All Categories


The impact of the Red Sea crisis on international trade and transportation

According to Global Times, on the official website of German shipping giant Herbert on December 22nd, the status of ships frequently appearing on the live-time information page of the Red Sea - Suez Canal area shows that they are circling the Cape of Good Hope. Due to concerns about armed attacks by Yemeni Husai on ships, the Mand Strait, the "throat" of international shipping routing, has become a dangerous sea area that major shipping companies around the world have been trying to avoid since late December.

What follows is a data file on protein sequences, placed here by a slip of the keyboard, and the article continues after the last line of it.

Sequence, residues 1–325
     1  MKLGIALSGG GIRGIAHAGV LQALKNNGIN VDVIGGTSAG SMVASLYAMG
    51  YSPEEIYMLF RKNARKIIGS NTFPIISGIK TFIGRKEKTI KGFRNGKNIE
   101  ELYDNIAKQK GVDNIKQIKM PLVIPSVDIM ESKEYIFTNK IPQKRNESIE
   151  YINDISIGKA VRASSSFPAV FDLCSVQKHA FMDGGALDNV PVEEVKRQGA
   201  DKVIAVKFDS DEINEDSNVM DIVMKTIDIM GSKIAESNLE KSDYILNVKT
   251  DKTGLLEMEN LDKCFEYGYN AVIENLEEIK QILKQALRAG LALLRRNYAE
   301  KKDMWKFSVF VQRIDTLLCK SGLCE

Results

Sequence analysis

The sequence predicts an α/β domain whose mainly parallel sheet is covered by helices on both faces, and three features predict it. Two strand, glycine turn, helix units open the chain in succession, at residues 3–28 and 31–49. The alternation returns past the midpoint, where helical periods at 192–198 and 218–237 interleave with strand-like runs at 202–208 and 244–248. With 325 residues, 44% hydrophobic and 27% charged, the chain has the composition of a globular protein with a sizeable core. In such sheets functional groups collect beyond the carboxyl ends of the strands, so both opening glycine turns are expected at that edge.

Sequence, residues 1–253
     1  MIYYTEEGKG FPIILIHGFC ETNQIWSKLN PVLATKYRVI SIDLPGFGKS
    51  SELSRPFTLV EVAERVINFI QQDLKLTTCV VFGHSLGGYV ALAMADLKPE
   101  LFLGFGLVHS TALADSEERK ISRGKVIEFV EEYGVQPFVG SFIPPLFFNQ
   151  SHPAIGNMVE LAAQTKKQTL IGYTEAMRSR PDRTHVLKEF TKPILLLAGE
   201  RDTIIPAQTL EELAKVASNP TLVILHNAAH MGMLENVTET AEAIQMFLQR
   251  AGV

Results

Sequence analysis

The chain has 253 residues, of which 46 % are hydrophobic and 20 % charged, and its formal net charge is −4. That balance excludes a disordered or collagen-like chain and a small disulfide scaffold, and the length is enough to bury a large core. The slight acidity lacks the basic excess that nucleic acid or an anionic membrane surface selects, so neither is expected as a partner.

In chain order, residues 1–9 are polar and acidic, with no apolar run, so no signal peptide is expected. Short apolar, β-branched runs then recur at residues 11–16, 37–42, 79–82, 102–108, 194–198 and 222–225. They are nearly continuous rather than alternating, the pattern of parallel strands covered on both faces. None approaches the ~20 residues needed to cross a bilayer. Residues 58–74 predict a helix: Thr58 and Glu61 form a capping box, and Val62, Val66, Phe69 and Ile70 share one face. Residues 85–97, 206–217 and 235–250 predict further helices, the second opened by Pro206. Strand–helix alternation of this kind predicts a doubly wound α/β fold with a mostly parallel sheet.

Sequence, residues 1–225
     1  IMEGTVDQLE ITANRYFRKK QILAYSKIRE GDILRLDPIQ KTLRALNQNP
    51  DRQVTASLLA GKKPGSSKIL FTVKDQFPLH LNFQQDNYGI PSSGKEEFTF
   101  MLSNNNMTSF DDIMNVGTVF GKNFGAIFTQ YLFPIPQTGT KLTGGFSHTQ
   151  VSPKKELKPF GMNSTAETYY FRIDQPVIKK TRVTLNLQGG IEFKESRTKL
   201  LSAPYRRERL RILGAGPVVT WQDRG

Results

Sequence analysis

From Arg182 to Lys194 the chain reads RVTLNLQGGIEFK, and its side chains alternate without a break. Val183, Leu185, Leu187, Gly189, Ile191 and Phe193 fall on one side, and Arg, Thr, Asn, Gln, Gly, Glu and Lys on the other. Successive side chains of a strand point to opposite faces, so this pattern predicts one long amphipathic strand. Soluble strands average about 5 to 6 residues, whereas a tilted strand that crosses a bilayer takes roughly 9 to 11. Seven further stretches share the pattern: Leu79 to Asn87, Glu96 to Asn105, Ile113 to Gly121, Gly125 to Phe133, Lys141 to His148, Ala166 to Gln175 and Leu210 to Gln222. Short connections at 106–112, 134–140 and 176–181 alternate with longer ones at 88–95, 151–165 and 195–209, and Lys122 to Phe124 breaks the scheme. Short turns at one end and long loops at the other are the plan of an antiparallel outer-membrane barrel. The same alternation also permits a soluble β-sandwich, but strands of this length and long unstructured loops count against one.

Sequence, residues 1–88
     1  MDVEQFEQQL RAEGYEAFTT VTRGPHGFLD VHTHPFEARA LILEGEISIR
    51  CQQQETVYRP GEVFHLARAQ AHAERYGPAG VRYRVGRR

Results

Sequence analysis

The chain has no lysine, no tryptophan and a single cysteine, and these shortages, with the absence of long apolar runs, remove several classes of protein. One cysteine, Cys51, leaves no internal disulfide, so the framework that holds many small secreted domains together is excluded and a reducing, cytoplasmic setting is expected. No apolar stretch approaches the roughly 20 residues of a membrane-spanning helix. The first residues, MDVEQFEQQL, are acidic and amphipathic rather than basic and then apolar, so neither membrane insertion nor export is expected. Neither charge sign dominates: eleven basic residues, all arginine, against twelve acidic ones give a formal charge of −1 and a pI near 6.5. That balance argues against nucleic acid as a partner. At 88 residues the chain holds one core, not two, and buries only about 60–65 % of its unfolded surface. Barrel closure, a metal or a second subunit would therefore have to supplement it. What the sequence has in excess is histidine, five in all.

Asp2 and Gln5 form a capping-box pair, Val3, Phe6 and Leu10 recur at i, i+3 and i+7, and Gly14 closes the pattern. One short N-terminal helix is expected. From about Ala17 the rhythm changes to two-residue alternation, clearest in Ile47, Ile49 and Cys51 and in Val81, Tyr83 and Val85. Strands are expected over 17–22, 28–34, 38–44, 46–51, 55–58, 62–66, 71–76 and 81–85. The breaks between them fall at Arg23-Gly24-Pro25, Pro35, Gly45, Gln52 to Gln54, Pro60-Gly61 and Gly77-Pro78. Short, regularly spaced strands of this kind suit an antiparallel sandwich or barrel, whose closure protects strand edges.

The continuous upgrading of the international maritime situation in the Red Sea has led to an increase in current international trade transportation costs. Due to the unstable situation in the Red Sea region, ship transportation is hindered, and shipping companies need to face higher safety costs and risks. The shipping schedule has also been greatly extended. Many cargo ships that have already been sent out are unable to pass through the Red Sea and can only be forced to remain stranded on the open sea. If we arrange the shipping schedule again now, we will have to detour to the Cape of Good Hope in Africa. This route will increase the shipping schedule by about 15 days compared to the original Suez Canal route. According to a report released by CITIC Futures on December 22nd, the current proportion of westward ships in the Indian Ocean region deviating through ship trajectory tracking has reached 75.9%. The current normal round-trip sailing time for the Asia Europe route is about 77 days, and the sailing time after detouring will increase by about 3 weeks. At the same time, considering the decrease in ship turnover efficiency, the actual round-trip time may reach more than 95 days.